Winnipeg vs. Punk Rock

I was a punk before you were a punk

In the fall of 2004, I found myself wandering around the Exchange District with  time to kill before my (telemarketing) shift and decided to visit ‘Into the Music’ to see if I could find anything decent. While I was browsing through their books, I discovered a real gem. I Was A Punk Before You Were A Punk follows the disastrous adventures of Chris Walter, a former Winnipegger and devotee of the early punk rock / hardcore scene.

Did I lose you? No? Good. While this is the second book of a trilogy (which is also a autobiographical tale), it’s a book that you can jump right into with abandon and lose yourself in its pages.

The book is a collection of entertaining stories that discusses everything from poorly made decisions, punk rock love, relationship faux-pas, sexual abandon, substance abuse, and troubled times with wicked humour and a lot of heart. Regardless of what the issue might be, Chris Walter does not shy away from giving you the dirty details. If anything, he gets a kick out of shocking his reader with stories of his hell-raising past.

Over the last 10 years (give or take), there has been a steady increase in books that have been written about the early punk scene. Authors such as Legs McNeil (Please Kill Me: The Uncensored Oral History of Punk), Henry Rollins (Get In the Van), and Vancouver’s own Joey Shithead (I, Shithead: A Life in Punk) have given readers a gateway into a world which few people understand – save those who were there in the crowd.

While New York City’s The Ramones gave birth to the sound which would eventually be called punk rock, it continued to evolve through out the late ’70s thanks to bands such as the Sex Pistols (London, England), The Clash (London, England), Black Flag (Hermosa Beach, California), Dead Kennedys (San Francisco, California), Social Distortion (Fullerton, California) and D.O.A. (Vancouver, Canada). While these are just some of the bands that emerged during the first wave, many more would follow suit throughout the next three decades.

But what is punk rock?

 

Well…that depends on who you ask.

In North America, punk rock was (and remains) an attitude, a fashion statement, a rejection of society’s norms, as well as a subculture. Above all, it was a ‘terrifying’ new kind of music, a stripped down rock & roll that made the Rolling Stones seem more like Simon and Garfunkel. The ‘kids’ were sick and tired of what was going on and were desperate for something new. For many, punk rock presented an escape from the monotony of day to day living. Among other things, it promoted a do-it-yourself (DIY) ethic and free thinking.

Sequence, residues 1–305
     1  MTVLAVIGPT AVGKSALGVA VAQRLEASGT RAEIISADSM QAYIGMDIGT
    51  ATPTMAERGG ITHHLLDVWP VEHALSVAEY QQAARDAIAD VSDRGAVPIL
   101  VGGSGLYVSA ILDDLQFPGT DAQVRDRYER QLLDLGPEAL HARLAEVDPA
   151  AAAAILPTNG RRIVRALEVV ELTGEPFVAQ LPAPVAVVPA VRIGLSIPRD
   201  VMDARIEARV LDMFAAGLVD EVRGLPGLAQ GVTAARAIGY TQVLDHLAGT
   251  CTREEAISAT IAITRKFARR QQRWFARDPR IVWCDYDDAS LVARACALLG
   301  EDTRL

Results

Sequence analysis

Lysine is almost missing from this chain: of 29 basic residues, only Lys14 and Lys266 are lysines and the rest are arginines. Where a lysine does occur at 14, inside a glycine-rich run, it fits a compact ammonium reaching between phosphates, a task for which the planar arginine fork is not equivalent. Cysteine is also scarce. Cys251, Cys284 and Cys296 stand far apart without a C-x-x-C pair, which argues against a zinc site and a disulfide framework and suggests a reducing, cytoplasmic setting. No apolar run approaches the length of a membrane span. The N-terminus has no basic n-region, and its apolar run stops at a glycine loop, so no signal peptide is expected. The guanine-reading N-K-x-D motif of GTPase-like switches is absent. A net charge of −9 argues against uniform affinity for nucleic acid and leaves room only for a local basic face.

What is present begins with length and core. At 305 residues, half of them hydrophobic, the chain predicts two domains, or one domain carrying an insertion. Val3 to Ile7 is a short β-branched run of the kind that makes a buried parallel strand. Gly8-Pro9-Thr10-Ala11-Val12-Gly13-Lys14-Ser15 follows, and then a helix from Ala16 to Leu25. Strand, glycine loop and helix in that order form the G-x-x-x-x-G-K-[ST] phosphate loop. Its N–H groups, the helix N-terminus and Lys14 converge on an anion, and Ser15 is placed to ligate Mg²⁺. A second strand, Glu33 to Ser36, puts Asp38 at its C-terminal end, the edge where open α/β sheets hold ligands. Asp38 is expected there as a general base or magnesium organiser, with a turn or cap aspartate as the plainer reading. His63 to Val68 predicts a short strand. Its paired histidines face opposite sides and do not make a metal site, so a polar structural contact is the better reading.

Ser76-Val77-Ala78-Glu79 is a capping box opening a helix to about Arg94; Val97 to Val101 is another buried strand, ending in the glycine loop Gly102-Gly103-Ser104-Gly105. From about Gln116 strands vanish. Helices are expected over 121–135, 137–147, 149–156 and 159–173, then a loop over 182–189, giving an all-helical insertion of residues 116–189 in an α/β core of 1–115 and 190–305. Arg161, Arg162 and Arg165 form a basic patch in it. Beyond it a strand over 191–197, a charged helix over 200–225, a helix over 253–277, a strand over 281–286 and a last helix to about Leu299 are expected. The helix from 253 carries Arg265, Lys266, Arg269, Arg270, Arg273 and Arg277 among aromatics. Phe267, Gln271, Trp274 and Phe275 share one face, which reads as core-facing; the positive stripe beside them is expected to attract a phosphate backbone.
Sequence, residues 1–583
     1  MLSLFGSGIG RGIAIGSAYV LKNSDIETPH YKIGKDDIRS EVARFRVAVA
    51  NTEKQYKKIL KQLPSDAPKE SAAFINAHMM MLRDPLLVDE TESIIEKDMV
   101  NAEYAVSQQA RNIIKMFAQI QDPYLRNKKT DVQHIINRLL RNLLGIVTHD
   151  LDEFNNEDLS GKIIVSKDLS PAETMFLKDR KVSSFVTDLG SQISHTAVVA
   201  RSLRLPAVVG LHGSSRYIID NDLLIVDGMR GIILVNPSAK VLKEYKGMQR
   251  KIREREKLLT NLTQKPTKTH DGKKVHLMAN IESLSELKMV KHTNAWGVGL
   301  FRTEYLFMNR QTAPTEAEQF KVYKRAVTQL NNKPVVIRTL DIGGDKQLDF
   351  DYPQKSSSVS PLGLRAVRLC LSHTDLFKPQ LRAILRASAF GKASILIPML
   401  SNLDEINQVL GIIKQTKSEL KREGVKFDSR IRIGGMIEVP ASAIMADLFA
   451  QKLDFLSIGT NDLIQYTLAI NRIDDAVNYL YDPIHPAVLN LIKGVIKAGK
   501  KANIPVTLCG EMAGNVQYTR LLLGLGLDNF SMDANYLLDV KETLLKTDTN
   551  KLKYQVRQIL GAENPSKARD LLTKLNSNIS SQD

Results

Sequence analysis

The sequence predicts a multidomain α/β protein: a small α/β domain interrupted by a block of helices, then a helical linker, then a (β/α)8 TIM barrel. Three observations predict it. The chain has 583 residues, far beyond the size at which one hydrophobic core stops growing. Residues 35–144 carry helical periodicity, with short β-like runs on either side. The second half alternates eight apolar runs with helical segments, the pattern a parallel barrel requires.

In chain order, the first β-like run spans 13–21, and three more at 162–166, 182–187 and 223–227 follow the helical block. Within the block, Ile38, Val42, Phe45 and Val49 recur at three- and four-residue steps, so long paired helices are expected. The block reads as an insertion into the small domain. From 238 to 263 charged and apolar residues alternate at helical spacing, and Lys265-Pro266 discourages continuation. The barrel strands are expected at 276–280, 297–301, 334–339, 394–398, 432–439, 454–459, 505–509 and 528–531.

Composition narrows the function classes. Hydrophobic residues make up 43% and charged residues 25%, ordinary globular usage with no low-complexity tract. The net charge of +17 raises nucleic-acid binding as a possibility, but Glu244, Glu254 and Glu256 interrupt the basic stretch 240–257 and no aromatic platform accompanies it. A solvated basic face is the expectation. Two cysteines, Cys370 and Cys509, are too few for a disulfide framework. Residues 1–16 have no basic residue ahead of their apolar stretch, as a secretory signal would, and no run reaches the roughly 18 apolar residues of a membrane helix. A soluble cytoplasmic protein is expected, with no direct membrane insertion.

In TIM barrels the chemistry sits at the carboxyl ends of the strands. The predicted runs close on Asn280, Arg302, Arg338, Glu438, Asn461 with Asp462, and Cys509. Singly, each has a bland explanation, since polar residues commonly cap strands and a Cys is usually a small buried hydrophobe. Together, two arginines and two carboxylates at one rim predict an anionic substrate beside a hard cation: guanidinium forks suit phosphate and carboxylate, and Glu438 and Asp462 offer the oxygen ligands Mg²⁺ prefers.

While The Ramones would never reach the level of fame they deserved, they inspired an entire generation of kids to form their own bands, thereby creating a local scene. These bands collaborated with one another to book their shows and tours. Their fans created zines to discuss and promote this new and ‘dangerous’ music that was coming out. Best of all, bands were making their own records and merchandise, which gave them an income (albeit a limited one).

If you happen to be a punk rocker or used to go to shows at Wellingtons or the Royal Albert – check out Chris Walter’s book. Since the book itself is based in Winnipeg, the reader learns about the hardcore (punk) scene in the early 80’s as well as the beer induces, drug shenanigans that occur along the way. Whether enjoying a Personality Crisis show at Wellingtons, going on tour as a roadie for The Nostrils, or getting in a brawl with weapon wielding ‘rockers’ in a back lane – Chris Walter sets the scene with meticulous details. If Winnipeg punk is your thing, this is the book for you. For more of Chris Walter’s work, check out www.punkbooks.com.

– D.P. Bohémier

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